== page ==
Page:Southern Historical Society Papers volume 34.djvu/182
174 Southern Historical Society Papers.
him and leading the Maryland regiment to the battle. Seeing Smith fall, Elzey oblivious to the perilous situation exclaimed to Major Bradley T. Johnson: "God is just; Smith is dead! Johnson, get his horse. This means for me six feet of ground, or a yellow sash" worn only by generals. The horse ran off and the gallant major was suffering from scurvy.
Elzey, though brave, was presumptive; moreover, he did not possess the calibre of Smith. Smith had immortalized himself, and recovering from his almost fatal wound, he returned to us a Major-General. The sequence is strange : Almost a year there- after, Elzey, commanding his brigade in the battle of Cold Har- bor, received just such a wound as Smith's, which likewise made him a Major-General.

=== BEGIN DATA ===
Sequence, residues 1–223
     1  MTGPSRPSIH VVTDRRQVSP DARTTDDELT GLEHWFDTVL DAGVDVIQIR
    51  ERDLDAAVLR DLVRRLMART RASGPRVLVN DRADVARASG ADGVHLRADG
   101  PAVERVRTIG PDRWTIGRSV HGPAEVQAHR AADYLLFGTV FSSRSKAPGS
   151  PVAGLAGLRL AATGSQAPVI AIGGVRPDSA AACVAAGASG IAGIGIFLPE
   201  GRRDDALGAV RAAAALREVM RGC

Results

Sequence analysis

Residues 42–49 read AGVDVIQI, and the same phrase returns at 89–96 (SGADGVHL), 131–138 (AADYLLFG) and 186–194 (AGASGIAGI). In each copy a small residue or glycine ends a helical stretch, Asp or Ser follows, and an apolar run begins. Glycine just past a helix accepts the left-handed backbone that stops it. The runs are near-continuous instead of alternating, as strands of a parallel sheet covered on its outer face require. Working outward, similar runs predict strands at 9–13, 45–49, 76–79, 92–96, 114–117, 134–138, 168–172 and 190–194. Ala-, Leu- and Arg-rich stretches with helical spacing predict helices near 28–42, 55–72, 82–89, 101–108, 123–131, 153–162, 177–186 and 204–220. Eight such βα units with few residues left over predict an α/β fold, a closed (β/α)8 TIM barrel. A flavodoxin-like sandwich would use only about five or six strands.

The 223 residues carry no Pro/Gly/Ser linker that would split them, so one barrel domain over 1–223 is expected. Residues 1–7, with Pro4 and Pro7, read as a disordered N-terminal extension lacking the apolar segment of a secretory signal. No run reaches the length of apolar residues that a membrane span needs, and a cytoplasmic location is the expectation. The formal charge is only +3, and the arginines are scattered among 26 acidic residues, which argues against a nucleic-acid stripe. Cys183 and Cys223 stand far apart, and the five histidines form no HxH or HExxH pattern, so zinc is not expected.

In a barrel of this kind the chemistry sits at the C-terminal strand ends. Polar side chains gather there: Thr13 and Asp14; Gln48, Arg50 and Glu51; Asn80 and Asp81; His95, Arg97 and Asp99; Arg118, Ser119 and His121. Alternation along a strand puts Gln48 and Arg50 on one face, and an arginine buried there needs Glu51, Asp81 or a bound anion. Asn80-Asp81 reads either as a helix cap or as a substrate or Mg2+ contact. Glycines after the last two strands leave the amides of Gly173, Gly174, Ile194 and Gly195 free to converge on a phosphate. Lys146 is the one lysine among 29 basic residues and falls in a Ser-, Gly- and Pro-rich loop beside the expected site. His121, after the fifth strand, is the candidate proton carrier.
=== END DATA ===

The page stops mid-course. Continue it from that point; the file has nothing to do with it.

ELZEY, BLUCHER OF THE DAY.
It happened that about the time the Maryland regiment reached the battlefield President Davis also arrived, having come from Richmond by railroad and ridden on horseback from Manassas. He was first seen among the troops fighting on Jackson's right, encouraging and rallying them. Jackson sent to inquire what civilian was rallying his men, and the information brought back was satisfactory. Jefferson Davis at that period was rated among the elite of living American soldiers. Having learned of the conduct of the Maryland regiment, the President promptly rode over, and saluting our colonel, addressed him as General Elzey, and General Beauregard dubbed him the Blucher of the day. Nevertheless, had we been 15 minutes later in checking the enemy, advancing, there would, probably, have been no Blu- cher of Manassas, because they would have enveloped Jackson's left flank, which, with the extreme left two regiments under Colonel Jubal A. Early must have retired, and quite likely not in the best order, judging from the evidences of demoralization we witnessed during the last half of our march. A regiment was seen resting by the roadside, and scores of men were leisurely making for the rear, who, replying to anxious questions as to the progress of the battle, answered, to a man, that our army was defeated. General Smith (riding at a trot, we at double- quick step), would now and then turn to us and in a command- ing tone exclaim : "Pay no attention to those skulkers and pol-